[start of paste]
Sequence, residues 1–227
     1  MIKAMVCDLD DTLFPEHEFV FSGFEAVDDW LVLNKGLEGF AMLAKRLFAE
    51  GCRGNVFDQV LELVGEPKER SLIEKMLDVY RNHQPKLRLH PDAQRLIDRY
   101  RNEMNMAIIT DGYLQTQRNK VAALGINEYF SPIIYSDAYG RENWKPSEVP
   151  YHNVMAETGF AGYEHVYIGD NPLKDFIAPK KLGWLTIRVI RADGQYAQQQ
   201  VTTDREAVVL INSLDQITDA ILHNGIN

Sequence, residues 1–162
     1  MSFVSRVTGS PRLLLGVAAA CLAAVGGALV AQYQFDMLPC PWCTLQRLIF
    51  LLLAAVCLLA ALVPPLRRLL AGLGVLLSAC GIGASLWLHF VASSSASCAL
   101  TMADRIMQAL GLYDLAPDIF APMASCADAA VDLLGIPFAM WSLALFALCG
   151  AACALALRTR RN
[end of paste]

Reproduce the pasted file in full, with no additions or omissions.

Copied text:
Sequence, residues 1–227
     1  MIKAMVCDLD DTLFPEHEFV FSGFEAVDDW LVLNKGLEGF AMLAKRLFAE
    51  GCRGNVFDQV LELVGEPKER SLIEKMLDVY RNHQPKLRLH PDAQRLIDRY
   101  RNEMNMAIIT DGYLQTQRNK VAALGINEYF SPIIYSDAYG RENWKPSEVP
   151  YHNVMAETGF AGYEHVYIGD NPLKDFIAPK KLGWLTIRVI RADGQYAQQQ
   201  VTTDREAVVL INSLDQITDA ILHNGIN

Sequence, residues 1–162
     1  MSFVSRVTGS PRLLLGVAAA CLAAVGGALV AQYQFDMLPC PWCTLQRLIF
    51  LLLAAVCLLA ALVPPLRRLL AGLGVLLSAC GIGASLWLHF VASSSASCAL
   101  TMADRIMQAL GLYDLAPDIF APMASCADAA VDLLGIPFAM WSLALFALCG
   151  AACALALRTR RN